capacity planning capacity planning â€“ getting started...
Post on 15-Mar-2020
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The purpose of capacity planning is to:
• Determine Current Solution Capacity: “How close to the ceiling am I today?”
• Estimate Growth Potential: “With current growth plans, when do I upgrade hardware?”
• Answer “What If” Scenarios: “What if I add 200 agents?”
Capacity planning is not a one-time task—it should be part of routine contact center operations. A reliable capacity management plan helps prevent outages because the data supports proactive modifications to the deployment that ultimately prevent a particular outage. How might this happen?
When the system was initially designed and deployed, it was sized for a specific number of agents with a certain number of skills groups configured per agent. At that time, there was sufficient room to accommodate modest growth. As time went on, small changes occurred with no hint of an issue in capacity – agents were added, skill groups were added. There was no capacity management plan in place and utilization increased with no one being aware. Eventually, utilization was near maximum thresholds where in the midst of a busy period, an unexpected outage occured. If a capacity management plan was in place, the increase in utilization would have been seen with each change to the system. As utilization increased nearing maximum capacity, either additional changes would have been curtailed or an upgrade of hardware would have been done to accommodate the additional changes, thus preventing an outage.
Platform (server hardware) resource utilization data is at the foundation of capacity analysis. The health monitoring performance counters discussed in the prior section are used to determine the capacity utilization of the server. This section describes the process and the reasons for doing routine capacity analysis and planning.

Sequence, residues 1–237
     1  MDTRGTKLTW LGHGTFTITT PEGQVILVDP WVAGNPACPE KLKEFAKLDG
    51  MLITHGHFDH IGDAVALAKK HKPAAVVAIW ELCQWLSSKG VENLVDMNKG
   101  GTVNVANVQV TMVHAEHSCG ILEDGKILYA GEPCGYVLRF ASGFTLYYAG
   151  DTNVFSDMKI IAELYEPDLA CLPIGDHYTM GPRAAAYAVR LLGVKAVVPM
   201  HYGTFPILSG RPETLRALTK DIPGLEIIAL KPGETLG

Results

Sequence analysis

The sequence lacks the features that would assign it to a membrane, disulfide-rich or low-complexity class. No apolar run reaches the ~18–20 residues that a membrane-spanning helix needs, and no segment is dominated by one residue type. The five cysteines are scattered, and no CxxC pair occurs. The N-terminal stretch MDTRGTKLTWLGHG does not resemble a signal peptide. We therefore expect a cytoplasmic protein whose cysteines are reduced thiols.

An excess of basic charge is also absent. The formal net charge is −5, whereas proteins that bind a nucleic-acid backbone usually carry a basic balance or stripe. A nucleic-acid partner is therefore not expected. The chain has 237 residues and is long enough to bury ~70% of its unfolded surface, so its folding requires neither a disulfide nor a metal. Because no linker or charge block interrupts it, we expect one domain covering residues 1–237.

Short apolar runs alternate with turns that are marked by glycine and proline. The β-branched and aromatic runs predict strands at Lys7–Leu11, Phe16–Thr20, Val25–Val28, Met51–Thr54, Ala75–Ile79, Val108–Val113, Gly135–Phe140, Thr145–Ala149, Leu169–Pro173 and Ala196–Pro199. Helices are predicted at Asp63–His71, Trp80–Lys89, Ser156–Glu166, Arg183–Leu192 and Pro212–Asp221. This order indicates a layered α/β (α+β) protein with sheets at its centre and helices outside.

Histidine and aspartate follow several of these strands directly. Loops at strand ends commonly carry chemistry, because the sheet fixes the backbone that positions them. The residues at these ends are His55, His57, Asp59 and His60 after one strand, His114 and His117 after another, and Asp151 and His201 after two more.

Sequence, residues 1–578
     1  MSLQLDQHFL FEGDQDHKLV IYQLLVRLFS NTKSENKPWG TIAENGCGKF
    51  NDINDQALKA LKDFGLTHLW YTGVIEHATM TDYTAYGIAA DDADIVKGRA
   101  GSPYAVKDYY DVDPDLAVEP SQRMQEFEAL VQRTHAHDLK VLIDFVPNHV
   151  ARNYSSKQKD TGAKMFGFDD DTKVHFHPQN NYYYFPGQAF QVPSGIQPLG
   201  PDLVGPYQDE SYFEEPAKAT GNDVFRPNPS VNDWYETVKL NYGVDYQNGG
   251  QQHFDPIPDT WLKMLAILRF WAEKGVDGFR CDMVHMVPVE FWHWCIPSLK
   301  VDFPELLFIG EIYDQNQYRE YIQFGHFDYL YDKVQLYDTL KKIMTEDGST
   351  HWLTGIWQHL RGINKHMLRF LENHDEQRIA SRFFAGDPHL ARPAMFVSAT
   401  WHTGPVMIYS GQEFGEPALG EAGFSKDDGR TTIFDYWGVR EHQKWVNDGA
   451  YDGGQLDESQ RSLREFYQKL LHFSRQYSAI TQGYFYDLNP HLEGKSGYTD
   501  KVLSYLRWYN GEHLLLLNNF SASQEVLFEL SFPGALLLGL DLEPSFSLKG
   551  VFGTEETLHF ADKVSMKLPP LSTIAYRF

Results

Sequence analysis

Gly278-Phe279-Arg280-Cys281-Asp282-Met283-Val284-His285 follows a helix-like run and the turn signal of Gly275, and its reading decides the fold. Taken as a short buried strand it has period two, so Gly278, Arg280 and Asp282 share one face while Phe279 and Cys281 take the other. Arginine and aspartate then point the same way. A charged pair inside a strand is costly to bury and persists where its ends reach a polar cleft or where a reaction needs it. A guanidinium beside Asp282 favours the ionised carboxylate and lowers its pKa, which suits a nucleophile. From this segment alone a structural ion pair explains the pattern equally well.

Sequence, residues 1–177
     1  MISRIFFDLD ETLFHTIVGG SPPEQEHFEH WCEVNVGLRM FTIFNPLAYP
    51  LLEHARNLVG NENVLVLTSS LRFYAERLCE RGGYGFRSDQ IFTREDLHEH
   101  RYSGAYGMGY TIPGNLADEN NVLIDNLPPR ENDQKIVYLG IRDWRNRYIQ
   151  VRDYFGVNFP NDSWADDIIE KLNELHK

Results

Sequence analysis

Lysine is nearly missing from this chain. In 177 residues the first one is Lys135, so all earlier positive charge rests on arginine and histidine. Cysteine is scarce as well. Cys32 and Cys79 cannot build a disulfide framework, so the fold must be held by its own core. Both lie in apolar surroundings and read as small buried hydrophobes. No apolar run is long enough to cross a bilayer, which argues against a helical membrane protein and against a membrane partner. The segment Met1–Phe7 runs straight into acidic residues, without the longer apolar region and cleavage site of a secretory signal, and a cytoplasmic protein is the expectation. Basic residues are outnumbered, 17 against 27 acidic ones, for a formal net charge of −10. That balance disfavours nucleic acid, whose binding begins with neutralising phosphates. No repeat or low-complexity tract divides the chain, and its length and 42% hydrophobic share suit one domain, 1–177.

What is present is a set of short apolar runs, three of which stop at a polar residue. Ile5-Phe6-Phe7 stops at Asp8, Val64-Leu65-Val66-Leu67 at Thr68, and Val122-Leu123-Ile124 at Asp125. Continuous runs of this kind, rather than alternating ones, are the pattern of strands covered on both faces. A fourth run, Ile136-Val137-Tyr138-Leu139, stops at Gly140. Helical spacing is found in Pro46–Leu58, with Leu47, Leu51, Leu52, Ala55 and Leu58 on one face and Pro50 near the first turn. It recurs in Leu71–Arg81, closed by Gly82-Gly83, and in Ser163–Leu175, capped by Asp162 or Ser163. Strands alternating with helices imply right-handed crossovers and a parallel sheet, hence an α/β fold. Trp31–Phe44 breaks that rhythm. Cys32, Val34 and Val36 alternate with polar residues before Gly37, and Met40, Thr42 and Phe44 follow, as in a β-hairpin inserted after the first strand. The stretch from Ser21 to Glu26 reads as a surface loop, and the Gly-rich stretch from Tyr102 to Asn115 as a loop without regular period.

Capacity planning requires the following steps:
1 Collect data:
• Initiate data sampling
• Collect samples after a defined monitoring period
2 Categorize data: the collected data is distributed into three buckets that equate to three different levels:
• Hardware Level: resources on a single server
• Component Level: resources associated with a single application or a single application component (for example, Unified ICM/Unified CCE Router) on a multi-application or multi-component server
Serviceability Best Practices Guide for Cisco Unified ICM/Contact Center Enterprise, Release 10.0(1) 1
• Solution Level:collective utilization level across the entire solution
3 Analyze Data for Target Categories
Use the methods and calculations provided in section 9.4 - Calculating Capacity Utilization to determine utilization levels for each category.
After the data is collected, categorized, and analyzed, it can then be related to:
• Today’s utilization: A baseline - where am I at today?
• Recent changes: What effect did the recent change have compared to the baseline?
• Tomorrow’s plans: “What If?” Scenarios: If I add 200 agents, what will likely be the effect?
• Capacity Planning Process, page 2
• Capacity Planning – Getting Started, page 3
• Collected Data Categorization, page 4
• Capacity Utilization, page 7
Capacity Planning Process Figure 1: Capacity Planning Process
You should make changes to an existing Unified ICM/Unified CCE deployment in small steps. Then analyze the impact of each step with a well-established, repeatable process. This process includes the following phases (steps):
1 Sample Phase: Initiate data sampling at the same time for the same interval for each change made. 2 Collect and Categorize Phase: Collect the samples and distribute to appropriate buckets. 3 Analysis Phase: Check application resource boundaries – has any component exceeded utilization limits?
Determine best fit for new deployment requirements. Estimate solution level capacity utilization for new requirements.
4 Change Phase: Implement changes to solution based on analysis and estimate of impact. 5 Do it all over again. Re-execute the process exactly the same it was done before you ensure that an equal
comparison is made..
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Capacity Planning Capacity Planning Process